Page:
Despite major therapeutic developments, cancer remains one of the leading causes of death worldwide. The recent advent of immunotherapies has brought hope for cure and survival for patients suffering from various cancers. These therapies are aimed at boosting patients’ immune system in order to enhance recognition and elimination of cancer cells. However, a significant proportion of the patients do not respond to the treatment and there is currently no way to predict for whom it will work or not. Furthermore, since these drugs are designed to modulate the immune system, they can induce autoimmune adverse effects, which, if not managed correctly, could lead to treatment discontinuation. During this course, the students will gain insight into translational research; focusing on the analysis of patients’ biopsies and mouse samples trough molecular and cellular biology techniques, in order to answer crucial clinical questions aiming at improving therapeutic strategies.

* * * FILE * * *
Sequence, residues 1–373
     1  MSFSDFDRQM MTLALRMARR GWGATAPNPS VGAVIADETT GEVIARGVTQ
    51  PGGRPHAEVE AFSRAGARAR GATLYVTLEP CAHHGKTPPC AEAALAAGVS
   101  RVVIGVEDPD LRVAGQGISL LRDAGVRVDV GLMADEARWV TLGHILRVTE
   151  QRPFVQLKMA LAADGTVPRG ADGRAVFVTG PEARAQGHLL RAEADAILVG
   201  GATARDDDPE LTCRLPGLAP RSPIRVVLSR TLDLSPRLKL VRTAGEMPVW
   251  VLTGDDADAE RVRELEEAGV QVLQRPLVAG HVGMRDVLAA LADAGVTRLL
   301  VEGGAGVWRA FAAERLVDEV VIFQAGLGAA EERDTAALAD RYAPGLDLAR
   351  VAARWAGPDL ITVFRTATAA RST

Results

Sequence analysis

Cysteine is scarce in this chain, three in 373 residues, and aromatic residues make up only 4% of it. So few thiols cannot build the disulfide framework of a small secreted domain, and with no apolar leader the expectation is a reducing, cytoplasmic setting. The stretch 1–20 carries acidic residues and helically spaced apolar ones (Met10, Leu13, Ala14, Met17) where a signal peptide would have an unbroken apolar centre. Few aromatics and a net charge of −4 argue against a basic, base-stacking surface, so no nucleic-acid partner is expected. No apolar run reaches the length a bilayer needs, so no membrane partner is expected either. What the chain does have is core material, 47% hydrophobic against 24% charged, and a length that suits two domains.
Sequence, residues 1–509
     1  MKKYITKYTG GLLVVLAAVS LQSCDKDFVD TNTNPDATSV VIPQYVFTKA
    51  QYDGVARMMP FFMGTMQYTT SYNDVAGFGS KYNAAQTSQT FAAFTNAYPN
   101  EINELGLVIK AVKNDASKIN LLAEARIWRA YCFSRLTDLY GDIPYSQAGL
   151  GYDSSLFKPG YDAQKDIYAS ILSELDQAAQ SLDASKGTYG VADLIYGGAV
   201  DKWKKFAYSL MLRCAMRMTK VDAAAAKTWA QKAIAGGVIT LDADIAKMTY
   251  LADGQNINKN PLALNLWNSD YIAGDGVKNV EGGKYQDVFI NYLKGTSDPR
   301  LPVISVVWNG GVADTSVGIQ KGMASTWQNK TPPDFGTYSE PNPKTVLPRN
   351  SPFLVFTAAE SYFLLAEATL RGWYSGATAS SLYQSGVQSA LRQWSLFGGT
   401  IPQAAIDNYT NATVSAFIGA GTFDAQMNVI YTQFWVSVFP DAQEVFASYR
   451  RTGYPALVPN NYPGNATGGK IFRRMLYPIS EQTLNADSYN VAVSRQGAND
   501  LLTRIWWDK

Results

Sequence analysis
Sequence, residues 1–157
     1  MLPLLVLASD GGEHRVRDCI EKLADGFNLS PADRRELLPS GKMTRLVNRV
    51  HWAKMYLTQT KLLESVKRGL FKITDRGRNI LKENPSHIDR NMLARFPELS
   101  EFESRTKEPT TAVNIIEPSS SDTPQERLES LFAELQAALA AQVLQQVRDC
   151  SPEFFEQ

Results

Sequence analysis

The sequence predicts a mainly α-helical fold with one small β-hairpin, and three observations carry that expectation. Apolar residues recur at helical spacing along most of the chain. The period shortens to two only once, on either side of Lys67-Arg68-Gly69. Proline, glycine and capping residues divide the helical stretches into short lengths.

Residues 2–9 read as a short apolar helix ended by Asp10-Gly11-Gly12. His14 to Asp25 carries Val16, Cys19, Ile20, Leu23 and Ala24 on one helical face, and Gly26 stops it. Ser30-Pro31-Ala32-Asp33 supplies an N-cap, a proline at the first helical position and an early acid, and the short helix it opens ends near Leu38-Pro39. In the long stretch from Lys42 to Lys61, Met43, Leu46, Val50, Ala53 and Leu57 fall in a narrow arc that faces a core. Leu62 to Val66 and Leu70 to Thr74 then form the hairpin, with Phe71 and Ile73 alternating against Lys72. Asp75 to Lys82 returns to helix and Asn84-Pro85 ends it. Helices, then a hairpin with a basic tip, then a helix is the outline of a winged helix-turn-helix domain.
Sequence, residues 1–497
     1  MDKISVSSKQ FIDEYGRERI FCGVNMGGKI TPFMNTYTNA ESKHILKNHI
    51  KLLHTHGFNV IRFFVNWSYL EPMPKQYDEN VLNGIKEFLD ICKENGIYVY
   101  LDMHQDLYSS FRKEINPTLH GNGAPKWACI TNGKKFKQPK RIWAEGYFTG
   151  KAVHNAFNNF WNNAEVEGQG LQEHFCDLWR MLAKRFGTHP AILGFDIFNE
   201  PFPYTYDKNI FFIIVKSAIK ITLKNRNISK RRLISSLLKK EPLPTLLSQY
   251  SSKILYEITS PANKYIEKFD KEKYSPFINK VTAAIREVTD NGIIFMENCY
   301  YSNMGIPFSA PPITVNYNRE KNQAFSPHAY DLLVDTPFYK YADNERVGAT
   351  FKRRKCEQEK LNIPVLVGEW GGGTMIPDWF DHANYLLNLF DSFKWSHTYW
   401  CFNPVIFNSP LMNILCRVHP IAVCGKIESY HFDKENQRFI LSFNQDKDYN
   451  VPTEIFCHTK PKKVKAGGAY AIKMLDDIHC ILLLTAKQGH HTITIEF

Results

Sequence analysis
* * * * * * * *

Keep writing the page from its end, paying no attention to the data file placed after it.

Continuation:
Course topics: Bone and Cartilage, adipose tissue, skin, thermoregulation, adaption to work and exercise, sleep, circadian rhythm, diabetes, introduction into working with animals, introduction into principles of pharmacology
Thursdays, 11:00 - 12.00h